COVID-19 is a highly contagious disease resulting from an infection with SARS-CoV-2, a type of coronavirus. As it spreads, the virus can mutate, forming new variants. Some of these viral variants may spread more easily or lead to more severe illness.

Viruses continually mutate, and some of these mutations lead to new variants of viruses over time.

Many of these changes do not affect a virus’s capacity to spread or cause illness. Other mutations may make a virus less infectious — while still others can cause a virus to become more dangerous.

Vaccines may be less effective against a variant than against the virus that they were initially developed to combat.

However, researchers can identify which variants of severe acute respiratory syndrome coronavirus 2 (SARS-CoV-2) are more prevalent and prepare vaccines to counter them. This process also takes place with annual flu vaccines.

Vaccinations are one way that people can protect themselves and others from coronavirus disease 19 (COVID-19). Getting vaccinated is crucial, as SARS-CoV-2 can cause severe illness.

When a person also takes other precautions, such as wearing a mask and physical distancing, getting vaccinated can significantly reduce the risk of infection with SARS-CoV-2, also known as the novel coronavirus, or one of its variants.

In this article, we look into some of the more notable variants of SARS-CoV-2 and whether available vaccines can counter them. We also explore how viral mutations occur.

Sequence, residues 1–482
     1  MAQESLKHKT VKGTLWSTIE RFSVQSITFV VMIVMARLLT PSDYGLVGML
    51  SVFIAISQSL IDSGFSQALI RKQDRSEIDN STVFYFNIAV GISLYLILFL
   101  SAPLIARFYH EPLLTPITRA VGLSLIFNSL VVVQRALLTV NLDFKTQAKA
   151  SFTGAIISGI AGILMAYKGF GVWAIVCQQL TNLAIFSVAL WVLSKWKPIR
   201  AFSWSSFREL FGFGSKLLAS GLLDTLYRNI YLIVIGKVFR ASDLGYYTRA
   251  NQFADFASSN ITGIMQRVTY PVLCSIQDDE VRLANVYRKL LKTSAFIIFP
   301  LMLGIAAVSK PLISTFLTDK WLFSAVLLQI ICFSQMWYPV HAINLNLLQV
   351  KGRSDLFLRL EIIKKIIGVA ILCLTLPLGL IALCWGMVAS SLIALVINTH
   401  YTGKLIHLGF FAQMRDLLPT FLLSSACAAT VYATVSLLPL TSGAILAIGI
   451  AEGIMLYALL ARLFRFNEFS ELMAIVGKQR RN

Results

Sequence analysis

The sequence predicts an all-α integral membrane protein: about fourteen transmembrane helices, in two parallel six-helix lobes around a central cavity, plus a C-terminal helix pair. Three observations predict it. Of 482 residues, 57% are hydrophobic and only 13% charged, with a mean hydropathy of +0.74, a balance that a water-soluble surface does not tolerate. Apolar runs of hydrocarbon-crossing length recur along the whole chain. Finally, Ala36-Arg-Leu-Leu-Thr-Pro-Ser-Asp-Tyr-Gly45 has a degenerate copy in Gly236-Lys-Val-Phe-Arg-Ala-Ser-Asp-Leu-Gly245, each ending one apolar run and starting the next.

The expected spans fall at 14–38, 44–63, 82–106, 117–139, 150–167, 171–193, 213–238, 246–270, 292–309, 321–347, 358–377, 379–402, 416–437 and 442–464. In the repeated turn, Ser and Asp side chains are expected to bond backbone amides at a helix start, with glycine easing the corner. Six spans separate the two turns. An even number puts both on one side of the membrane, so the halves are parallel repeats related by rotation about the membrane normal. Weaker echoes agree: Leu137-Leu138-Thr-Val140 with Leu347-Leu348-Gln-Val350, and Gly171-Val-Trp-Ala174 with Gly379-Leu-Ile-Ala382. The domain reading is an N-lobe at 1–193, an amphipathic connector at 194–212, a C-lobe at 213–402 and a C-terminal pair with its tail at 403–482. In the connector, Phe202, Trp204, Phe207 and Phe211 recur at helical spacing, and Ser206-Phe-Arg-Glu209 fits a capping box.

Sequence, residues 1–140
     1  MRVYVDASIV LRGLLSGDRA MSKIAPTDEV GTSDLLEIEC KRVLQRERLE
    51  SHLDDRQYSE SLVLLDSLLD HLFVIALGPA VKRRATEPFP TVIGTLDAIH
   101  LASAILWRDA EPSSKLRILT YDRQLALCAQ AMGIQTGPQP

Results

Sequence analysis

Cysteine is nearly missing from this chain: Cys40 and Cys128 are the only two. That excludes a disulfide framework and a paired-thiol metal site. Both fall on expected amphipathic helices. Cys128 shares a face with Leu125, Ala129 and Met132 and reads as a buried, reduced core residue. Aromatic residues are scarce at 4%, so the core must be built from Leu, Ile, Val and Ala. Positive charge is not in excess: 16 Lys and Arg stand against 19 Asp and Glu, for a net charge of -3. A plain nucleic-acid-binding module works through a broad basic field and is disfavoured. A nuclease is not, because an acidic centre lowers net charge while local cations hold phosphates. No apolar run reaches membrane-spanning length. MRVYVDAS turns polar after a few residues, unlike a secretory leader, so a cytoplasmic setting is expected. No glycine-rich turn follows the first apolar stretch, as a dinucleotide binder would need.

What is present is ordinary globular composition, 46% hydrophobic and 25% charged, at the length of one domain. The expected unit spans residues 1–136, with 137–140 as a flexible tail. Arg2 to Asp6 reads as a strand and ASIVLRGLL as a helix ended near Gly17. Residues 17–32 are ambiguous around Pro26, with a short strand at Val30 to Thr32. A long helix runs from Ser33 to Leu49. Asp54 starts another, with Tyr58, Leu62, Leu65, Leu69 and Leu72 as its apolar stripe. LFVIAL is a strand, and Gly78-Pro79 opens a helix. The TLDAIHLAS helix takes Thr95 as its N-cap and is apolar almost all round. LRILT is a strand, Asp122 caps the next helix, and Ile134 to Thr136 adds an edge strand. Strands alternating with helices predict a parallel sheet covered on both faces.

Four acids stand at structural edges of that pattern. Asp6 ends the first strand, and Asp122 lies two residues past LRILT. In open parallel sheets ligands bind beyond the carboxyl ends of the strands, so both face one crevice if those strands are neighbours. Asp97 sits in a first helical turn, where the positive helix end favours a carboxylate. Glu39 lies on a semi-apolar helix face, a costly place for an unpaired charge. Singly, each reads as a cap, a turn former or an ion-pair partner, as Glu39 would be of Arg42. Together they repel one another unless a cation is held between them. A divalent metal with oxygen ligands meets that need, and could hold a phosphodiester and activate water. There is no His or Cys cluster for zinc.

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Multiple variants of the virus that causes COVID-19 may be circulating globally. Many variants have mutations in their spike protein, a part of the virus responsible for binding to and infecting human cells.

Notably, mutations in the N501Y and E484K parts of the spike protein may allow the virus to spread more easily. These mutations may also affect the immune system’s antibody response.

At present, the most notable SARS-CoV-2 variants, sometimes called variants of concern (VOC), include:

  • B.1.1.7 lineage: This is also called 20I/501Y.V1 or VOC 202012/01. Experts believe that it first emerged in the United Kingdom in September 2020. It has a mutation in the receptor binding domain of the spike protein at position N501Y.
  • B.1.351 lineage: Also known as 20H/501Y.V2, this variant has multiple mutations in its spike protein, including at positions K417N, E484K, and N501Y. Scientists first identified it in South Africa around October 2020.
  • P.1 lineage: Also known as VOC 202101/02, this variant is a descendant of the B.1.1.28 lineage. Experts first identified it in four travelers from Brazil in Japan in January 2021. It contains mutations in the K417T, E484K, and N501Y positions of the spike protein’s receptor binding domain.

Viruses constantly mutate. Each time a virus replicates, or makes copies of itself in the host’s body, there may be small genetic changes that result in mutations.

Scientists may refer to a virus with a mutation as a “variant” of the original virus.